Taiwan Regains Trading Strength

Dec 11, 2003 Ι Industry In-Focus Ι Furniture Ι By Judy, CENS
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Taiwan's trade performance has recovered along with the global economy, and the island's exports and imports are expected to continue thriving in 2004. Statistics recently released by the Ministry of Finance (MOF) show that two-way foreign trade reached new record highs last month, with exports registering US$13.83 billion (up 16.2% from the same month of 2002) and imports US$12.39 billion (an increase of 32.6%), for a surplus of US$1.44 billion. Taiwan's trade has been in surplus every month since March 2000.

Hsu Kuo-chung, director of the MOF's Department of Statistics, reported at the time of release that Taiwan's direct exports to mainland China last month accounted for 18.2% of all exports, outpacing shipments to the United States for the first time and coming second only to shipments to Hong Kong at 18.4%. Exports to the mainland and Hong Kong together reached US$5.07 billion in November, for a 36.7% share of the total—another historic high.

In fact, an official of the Board of Foreign Trade (BOFT) of the Ministry of Economic Affairs has noted, a significant portion of Taiwan's exports to the mainland actually go via Hong Kong. This means that the island's manufacturers are actually far more dependent on the mainland than the customs figures indicate.

This growing dependence, the MOF's Hsu cautioned, might lead the island's manufacturers into an area of risk given the uncertain nature of the mainland's political climate.

In terms of two-way trade, Hong Kong, mainland China, South Korea, Europe, and the Association of Southeast Asian Nations (ASEAN) have become more and more important to Taiwan in recent years. Japan and the U.S. have each respectively been Taiwan's biggest trading partner in the past for long periods, but those markets have gradually lost their charm for Taiwanese manufacturers because of their prolonged economic recessions, particularly that in the U.S.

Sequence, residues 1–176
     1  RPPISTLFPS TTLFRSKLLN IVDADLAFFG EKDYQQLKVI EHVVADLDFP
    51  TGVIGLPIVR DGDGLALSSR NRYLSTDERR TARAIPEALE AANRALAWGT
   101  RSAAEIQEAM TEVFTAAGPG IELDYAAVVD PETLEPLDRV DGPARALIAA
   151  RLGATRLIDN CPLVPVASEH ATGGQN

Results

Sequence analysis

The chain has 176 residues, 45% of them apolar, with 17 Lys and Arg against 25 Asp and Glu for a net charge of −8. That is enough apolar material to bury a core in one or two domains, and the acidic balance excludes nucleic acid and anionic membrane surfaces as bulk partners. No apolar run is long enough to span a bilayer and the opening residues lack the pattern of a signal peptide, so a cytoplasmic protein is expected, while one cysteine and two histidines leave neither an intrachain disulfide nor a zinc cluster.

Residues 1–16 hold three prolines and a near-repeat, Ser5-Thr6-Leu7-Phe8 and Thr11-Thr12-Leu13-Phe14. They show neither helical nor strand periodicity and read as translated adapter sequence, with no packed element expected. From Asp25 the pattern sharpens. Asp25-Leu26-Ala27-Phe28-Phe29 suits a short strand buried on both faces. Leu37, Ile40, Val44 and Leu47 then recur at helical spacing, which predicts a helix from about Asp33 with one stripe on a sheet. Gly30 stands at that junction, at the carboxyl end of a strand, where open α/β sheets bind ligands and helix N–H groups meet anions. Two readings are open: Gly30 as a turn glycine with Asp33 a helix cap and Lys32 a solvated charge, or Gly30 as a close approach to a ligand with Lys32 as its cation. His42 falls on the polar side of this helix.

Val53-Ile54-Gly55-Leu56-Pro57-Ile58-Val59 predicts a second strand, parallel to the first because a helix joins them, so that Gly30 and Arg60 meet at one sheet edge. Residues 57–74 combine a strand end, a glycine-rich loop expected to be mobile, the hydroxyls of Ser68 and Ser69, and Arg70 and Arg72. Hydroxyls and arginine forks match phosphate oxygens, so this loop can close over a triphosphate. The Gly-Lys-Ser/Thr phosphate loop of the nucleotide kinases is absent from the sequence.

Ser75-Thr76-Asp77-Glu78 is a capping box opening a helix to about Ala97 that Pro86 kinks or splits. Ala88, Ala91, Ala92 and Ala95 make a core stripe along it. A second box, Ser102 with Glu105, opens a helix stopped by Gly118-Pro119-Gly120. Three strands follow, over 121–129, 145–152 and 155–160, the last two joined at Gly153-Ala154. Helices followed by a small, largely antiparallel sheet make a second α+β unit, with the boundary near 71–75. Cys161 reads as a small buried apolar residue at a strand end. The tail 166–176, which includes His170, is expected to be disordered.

Taiwan's exports to Japan increased by 5.6% and its imports from that country soared by a whopping 50.1% last month. At the same time, shipments to the U.S. declined 7.6% and imports rose 5.5%. Some observers attribute the decline in exports to the U.S. to the recent recession in the market there for information technology (IT) and telecommunications products.

Taiwan's import growth in November, Hsu said, was due to massive imports of agricultural and industrial raw materials (up 38%) and capital equipment (up 29.1%). The capital equipment was imported mainly for the IC, electronics, and optoelectronics industries, while the agricultural and industrial raw materials consisted mainly of crude oil and cereal grains. Growing imports of raw materials usually imply that industry will continue to expand in the coming year.

The island's exports have grown at a double-digit rate every month since August this year, reflecting the recovery of the island's manufacturing power. Exports are expected to amount to US$13.2 billion in December. The MOF predicts that export growth for the year as a whole will be in the 9.6-9.8% range, while import expansion is expected to reach 11.6%. Both are better than earlier forecasts of 9.3% and 10.2%, respectively.

Exports in the first eleven months of the year were up 9.5% from the same period of 2002, with shipments to Asia expanding 14.5% and those to Europe growing 9% while exports to the U.S. and Japan dropped 4.1% and 1.3%, respectively. The import increase for the 11-month period amounted to 11.1%, with purchases of agricultural and industrial raw materials growing 16.3% and those of consumer products rising 5.9%. Imports of capital equipment were down by 2%.
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